When I first joined the ranks of the News Gazette in the summer as a temp, I was excited to broaden my writing experience and gain some stability after freelancing for several years.
When that temporary position swiftly turned permanent, I began to realize the opportunity I had been given to help spread awareness about some wonderful initiatives in the community, and meet the inspiring people leading the way.
One of my very first assignments was talking to Susan Kerr of the B.C. Children’s Cancer Parents’ Association, as she and Dave Saunders accepted a $5,000 donation from Coast Capital Savings.
Susan’s own son had gone through cancer at a young age, and talking to her about her countless hours of work left me emotional and speechless.
I’ve since had the good fortune to speak to other moms and families who have benefitted from Susan’s impassioned efforts, and every one of them have said, in one form or another, “She’s an angel.” From my experiences with her, I wholeheartedly agree.
Several months later, as the weather turned and the cold started to creep in, I wanted to do a story on the local animal shelters and the challenges they face.
Pam Saddler co-founded Broken Promises Rescue three years ago with a focus on helping animals that had been abandoned, were difficult to adopt or had medical issues. Broken Promises quickly became known as the “last chance” for animals from all over B.C.
Pam spends nearly every waking hour fundraising, arranging veterinary care, flying animals in from high-kill shelters around the province and finding foster and “forever homes” for her charges.
The time and effort Pam puts in to help these creatures who have no voice of their own is amazing. People like her who dedicate their lives to helping our less fortunate furry friends deserve much more recognition than they receive.
One of the most recent impactful meetings I had was when Bruce Brown, a retired staff sergeant with West Shore RCMP, came into the office to share dozens of photos from a recent humanitarian trip to Haiti.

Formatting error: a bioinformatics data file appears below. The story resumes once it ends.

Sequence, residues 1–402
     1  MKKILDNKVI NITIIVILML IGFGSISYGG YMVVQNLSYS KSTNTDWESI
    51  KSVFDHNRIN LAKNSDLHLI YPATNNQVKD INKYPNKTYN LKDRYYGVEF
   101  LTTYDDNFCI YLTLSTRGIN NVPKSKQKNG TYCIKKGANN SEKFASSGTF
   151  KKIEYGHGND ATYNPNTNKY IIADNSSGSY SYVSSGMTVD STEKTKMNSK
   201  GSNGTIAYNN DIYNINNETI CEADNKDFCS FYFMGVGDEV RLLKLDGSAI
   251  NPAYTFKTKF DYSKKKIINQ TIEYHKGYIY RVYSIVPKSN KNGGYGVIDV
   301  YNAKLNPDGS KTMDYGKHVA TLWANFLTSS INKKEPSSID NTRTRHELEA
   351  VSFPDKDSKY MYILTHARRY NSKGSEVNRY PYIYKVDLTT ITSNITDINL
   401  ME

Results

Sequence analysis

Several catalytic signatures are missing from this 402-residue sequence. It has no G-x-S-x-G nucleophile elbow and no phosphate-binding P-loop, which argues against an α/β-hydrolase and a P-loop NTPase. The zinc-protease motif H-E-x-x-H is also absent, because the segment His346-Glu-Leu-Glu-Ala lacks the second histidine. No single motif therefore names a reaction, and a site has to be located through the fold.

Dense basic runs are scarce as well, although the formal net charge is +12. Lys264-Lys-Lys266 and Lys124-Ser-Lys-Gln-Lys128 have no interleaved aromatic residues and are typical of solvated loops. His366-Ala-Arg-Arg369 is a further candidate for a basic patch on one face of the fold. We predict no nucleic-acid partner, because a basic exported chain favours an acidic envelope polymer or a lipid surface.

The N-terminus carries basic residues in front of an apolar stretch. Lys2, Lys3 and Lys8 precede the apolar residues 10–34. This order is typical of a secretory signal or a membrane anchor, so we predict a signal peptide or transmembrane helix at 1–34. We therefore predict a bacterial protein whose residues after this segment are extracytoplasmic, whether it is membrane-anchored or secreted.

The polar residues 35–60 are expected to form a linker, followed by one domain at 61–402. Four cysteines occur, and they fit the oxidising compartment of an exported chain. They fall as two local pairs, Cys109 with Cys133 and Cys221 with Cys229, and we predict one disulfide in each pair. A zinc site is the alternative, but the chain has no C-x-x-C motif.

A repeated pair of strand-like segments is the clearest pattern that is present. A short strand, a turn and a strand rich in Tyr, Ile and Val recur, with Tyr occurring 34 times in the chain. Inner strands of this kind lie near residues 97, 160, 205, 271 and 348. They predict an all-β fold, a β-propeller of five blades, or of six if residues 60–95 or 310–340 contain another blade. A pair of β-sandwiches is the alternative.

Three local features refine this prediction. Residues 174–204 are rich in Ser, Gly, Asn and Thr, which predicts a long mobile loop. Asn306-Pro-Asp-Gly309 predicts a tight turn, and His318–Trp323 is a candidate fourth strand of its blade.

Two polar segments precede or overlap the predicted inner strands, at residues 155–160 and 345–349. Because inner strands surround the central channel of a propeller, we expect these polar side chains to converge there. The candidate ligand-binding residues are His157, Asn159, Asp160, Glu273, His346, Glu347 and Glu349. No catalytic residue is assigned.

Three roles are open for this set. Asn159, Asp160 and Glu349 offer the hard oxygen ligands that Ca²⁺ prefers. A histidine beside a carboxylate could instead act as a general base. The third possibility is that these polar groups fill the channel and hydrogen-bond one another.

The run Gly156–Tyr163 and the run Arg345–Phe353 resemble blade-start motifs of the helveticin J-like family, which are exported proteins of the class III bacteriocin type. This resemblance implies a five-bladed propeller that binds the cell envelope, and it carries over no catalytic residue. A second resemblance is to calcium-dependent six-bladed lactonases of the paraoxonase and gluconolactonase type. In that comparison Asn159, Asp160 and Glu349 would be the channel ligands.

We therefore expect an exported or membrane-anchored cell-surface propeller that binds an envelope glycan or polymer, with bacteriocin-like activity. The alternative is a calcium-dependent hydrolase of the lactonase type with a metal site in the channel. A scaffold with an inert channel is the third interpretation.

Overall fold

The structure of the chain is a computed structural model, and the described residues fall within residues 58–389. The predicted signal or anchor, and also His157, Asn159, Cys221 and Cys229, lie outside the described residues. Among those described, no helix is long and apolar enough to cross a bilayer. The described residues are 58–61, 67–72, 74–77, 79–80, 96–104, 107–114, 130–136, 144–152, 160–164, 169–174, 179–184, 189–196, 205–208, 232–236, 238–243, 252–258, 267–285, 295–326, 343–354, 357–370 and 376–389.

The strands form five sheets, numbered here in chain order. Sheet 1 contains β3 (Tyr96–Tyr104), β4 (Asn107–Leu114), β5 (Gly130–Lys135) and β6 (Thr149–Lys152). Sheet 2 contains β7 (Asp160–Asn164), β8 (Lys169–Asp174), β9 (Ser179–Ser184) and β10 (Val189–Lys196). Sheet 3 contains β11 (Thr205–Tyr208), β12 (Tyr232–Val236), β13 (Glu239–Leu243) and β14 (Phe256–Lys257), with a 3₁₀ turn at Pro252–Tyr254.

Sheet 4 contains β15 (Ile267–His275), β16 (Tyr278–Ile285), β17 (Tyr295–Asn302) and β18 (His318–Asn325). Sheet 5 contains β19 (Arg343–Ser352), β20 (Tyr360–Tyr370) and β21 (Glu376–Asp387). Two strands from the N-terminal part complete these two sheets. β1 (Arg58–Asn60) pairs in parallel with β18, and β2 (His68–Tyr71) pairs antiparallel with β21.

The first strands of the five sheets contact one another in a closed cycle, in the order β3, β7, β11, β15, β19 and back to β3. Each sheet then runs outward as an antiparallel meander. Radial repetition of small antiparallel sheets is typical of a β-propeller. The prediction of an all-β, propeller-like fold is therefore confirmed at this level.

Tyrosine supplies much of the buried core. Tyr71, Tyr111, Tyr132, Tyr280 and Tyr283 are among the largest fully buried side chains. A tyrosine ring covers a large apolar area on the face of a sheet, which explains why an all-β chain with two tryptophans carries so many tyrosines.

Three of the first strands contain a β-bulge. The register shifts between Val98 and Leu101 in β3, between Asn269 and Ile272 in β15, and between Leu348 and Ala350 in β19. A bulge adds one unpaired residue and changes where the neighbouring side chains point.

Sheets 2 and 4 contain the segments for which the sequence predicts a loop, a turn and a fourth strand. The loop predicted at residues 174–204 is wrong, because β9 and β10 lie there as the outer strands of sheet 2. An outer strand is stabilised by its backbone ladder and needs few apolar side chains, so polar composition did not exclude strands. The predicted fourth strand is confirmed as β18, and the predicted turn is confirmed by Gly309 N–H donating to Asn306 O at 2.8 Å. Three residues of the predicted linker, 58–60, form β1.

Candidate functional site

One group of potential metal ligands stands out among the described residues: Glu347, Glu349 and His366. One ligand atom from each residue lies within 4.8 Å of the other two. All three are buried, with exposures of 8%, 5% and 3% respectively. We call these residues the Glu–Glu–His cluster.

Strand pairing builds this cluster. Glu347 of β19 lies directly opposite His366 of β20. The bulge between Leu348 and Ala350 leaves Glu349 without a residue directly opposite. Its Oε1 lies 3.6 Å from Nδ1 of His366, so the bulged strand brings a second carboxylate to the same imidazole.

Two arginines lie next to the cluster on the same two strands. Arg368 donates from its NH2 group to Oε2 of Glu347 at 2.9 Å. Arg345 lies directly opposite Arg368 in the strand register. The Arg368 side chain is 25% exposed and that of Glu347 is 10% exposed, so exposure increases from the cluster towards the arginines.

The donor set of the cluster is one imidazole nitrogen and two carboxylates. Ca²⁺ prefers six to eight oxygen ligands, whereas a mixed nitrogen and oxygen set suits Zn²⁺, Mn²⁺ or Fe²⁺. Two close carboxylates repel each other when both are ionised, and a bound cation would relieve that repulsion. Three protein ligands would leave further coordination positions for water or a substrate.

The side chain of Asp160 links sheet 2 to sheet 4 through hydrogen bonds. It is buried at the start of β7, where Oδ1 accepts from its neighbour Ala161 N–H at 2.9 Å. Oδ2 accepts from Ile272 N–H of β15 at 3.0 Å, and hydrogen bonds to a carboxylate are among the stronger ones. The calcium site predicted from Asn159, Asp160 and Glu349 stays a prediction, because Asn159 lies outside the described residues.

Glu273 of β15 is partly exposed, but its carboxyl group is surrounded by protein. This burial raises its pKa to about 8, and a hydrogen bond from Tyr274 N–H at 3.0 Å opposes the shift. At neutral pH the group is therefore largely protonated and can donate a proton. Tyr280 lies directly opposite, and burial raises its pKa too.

He, along with Langford Fire Chief Bob Beckett and several other West Shore residents, have started a years-long process to overhaul the Divine Hands Orphanage in Port au Prince.
As picture after picture flashed by, Bruce told me how these kids had no electricity, no security and practically no food when the group arrived. With thousands of dollars donated from West Shore communities, the volunteers were able to bring in power, buy and install a fridge and stove, build a dining room, construct dorms for the teenage boys and replenish the larders with hundreds of pounds of flour, sugar, beans, rice and other staples.
The pictures were both heartbreaking and uplifting. I lingered on one photo longer than the others: a smiling little boy on crutches. Not only did he lose both parents in the 2010 earthquake, Bruce tells me in his soft-spoken voice, he lost his left leg just above the knee and most of his right foot.
It’s impossible for five people to fix the whole country, but there are 53 kids who now have refrigeration, an actual roof over their heads when they study and a safe place to call home.
I feel so blessed that I’ve been able to hear these stories and do my small part to help several very worthwhile projects. This job often drives home the awareness that there is nothing too small or ordinary to be grateful for, and I’m looking forward to the new year and its promise of more inspiration to come.